Captain America Goes to War in ‘The Fighting Avenger’ Fan Film [Video]
Marvel’s Captain America: The First Avenger will be hitting theaters later this summer, but we’ve got something that’ll hopefully make that wait a little easier and maybe even get you more excited for the final product. This week marked the release of the fan film The Fighting Avenger. Made by Wayside Creations, the same team behind Fallout: Nuka Break, the short film looks at Cap through the eyes of a squad of American G.I.s in desperate need of a heroic rescue during a battle of World War II.
You’ll find The Fighting Avenger below, as well as ComicsAlliance’s interview with director and co-writer Julian Higgins. We’ve got details on how the film was made as well as its connections to the recent similarly named Captain America: The Fighting Avenger one-shot comic book by Brian Clevinger and Gurihiru. Higgins’ account of just how difficult it can be to make a short fan film is harrowing, and definitely of interest to aspiring filmmakers.
ComicsAlliance: Julian, what led to your involvement with Indymogul.com and “The Fighting Avenger?”
Julian Higgins: I’m one of the directors/editors for Backyard FX, which is a movie special effects do-it-yourself web series on Indymogul.com. Back in February of 2010, Zack [Finfrock, one of the co-writers and actors in The Fighting Avenger] suggested that we submit an audition video to be the new hosts of the show after Erik Beck, the original host, announced he was leaving. Flash-forward to today and we’ve been the creative team behind the show for just a little over a year now. It’s been amazing to be given the reigns of such an awesome web series that has a large, passionate fan base. We’ve been very lucky to have their support so far!
CA: Why Captain America? I know that this was done as a test film for the War Movie Month contest at Indymogul. And it’s also a character a lot of fans are getting excited about seeing in a big summer action film later in the year. But was there any other special reason for picking Cap as a figure to build a larger story and cast of characters around?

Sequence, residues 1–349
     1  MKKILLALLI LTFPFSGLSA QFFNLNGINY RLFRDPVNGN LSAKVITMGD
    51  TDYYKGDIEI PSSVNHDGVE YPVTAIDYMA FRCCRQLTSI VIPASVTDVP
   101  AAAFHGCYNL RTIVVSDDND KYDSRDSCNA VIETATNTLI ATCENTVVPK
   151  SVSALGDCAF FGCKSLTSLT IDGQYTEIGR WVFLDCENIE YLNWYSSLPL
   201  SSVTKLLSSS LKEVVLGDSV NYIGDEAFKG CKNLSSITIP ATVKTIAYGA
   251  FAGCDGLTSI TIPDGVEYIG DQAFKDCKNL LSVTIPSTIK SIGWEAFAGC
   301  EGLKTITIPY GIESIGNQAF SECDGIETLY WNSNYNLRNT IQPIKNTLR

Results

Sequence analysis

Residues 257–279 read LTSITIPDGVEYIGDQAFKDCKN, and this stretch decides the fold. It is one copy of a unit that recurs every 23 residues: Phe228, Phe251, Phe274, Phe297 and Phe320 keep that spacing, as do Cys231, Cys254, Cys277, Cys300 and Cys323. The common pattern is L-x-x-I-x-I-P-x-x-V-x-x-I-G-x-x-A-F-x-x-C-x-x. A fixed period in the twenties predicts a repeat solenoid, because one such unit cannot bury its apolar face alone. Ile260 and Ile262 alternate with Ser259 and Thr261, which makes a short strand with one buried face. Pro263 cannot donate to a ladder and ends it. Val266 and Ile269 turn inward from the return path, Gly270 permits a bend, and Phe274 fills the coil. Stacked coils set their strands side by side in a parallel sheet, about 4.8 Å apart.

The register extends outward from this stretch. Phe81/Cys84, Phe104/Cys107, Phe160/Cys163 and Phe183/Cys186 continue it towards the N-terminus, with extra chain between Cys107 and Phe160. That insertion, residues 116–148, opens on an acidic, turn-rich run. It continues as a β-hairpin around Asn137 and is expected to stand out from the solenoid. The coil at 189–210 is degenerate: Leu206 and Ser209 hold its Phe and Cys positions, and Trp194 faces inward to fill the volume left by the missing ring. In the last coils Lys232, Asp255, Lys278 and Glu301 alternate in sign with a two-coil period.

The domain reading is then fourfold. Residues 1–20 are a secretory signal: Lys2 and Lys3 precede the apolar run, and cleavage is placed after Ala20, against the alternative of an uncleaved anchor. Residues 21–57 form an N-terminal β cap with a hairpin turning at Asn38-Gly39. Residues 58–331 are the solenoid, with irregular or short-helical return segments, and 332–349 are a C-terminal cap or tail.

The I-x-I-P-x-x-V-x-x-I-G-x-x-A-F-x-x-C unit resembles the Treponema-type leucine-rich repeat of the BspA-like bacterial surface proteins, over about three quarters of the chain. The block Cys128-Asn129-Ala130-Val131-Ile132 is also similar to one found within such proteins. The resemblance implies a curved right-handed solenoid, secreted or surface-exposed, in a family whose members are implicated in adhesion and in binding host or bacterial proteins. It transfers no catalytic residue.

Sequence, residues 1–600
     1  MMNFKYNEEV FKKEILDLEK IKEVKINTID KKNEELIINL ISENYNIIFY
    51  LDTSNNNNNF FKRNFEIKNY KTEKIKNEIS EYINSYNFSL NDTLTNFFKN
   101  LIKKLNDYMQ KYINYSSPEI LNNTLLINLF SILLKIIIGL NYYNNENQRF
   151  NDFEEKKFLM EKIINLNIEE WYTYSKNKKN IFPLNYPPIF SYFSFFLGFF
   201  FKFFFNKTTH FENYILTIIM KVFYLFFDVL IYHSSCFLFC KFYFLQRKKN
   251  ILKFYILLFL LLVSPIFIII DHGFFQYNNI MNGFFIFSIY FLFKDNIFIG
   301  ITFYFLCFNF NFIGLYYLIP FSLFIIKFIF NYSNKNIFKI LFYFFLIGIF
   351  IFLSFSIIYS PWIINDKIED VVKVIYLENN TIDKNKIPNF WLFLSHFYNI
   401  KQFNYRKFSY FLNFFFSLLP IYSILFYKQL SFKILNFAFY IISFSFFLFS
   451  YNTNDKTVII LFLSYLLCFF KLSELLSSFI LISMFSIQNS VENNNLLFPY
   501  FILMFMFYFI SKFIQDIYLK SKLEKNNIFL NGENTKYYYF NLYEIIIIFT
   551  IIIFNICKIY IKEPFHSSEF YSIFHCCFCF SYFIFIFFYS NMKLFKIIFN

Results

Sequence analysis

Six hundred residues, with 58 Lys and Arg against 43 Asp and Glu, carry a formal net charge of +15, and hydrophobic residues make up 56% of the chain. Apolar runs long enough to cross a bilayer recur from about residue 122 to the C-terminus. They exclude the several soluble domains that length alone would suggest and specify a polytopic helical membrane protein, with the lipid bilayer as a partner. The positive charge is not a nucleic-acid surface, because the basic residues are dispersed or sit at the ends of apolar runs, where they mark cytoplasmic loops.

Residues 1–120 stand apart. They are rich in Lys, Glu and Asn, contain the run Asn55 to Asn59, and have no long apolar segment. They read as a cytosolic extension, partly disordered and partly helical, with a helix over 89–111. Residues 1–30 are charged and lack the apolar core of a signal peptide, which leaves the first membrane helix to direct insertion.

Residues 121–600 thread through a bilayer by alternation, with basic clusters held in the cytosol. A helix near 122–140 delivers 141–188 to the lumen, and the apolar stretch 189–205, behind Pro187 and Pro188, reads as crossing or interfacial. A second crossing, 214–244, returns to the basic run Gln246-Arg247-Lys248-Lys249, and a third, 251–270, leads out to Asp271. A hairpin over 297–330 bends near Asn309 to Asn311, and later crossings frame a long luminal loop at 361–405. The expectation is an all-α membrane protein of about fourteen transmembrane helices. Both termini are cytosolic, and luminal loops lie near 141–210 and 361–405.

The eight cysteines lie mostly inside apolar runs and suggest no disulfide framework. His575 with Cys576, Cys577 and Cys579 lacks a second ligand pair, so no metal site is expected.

JH: I’ve always been a bit of a WWII history buff, myself. The history, the literature, the movies. I even did some WWII reenacting as a hobby back in high school. So when we decided to do an entire month of war-themed props and effects for War Movie Month, I pushed the idea that Zack make them all WWII-era props/weapons. Mostly because I just wanted to have a crack at directing a WWII project again. On top of that, with the Captain America feature coming out later this year, it seemed like a natural choice to tie-in one of the most kick-ass Avengers with our period piece so that all of the fellow geeks out there have a little something extra to sink their teeth into. We know how wary fans can be of comic book movies, so we wanted to try out own hand at it before the big studios came out with their version. So far, people seem to dig it!
CA: Were any particular Captain America stories an influence on this project? We’re guess that the 1990 feature film was not.
JH: Ha. I’ve never personally seen the 1990 feature film adaptation, but I’ve certainly read some… interesting reviews about it. I think most of the influence and inspiration for our take on Captain America came through Zack’s collaboration and close friendship with comic writer Brian Clevinger of Atomic Robo and 8-bit Theater fame. He also worked with us on our earlier fan film, Fallout: Nuka Break. Brian is a fantastic writer, and we wanted to pay tribute to his short-lived The Fighting Avenger comic for Marvel, even if only in name. They’ve got a plethora of comic book knowledge, and combined with the WWII knowledge of myself and our other writer/actor Aaron Giles, we came up with our final shooting script.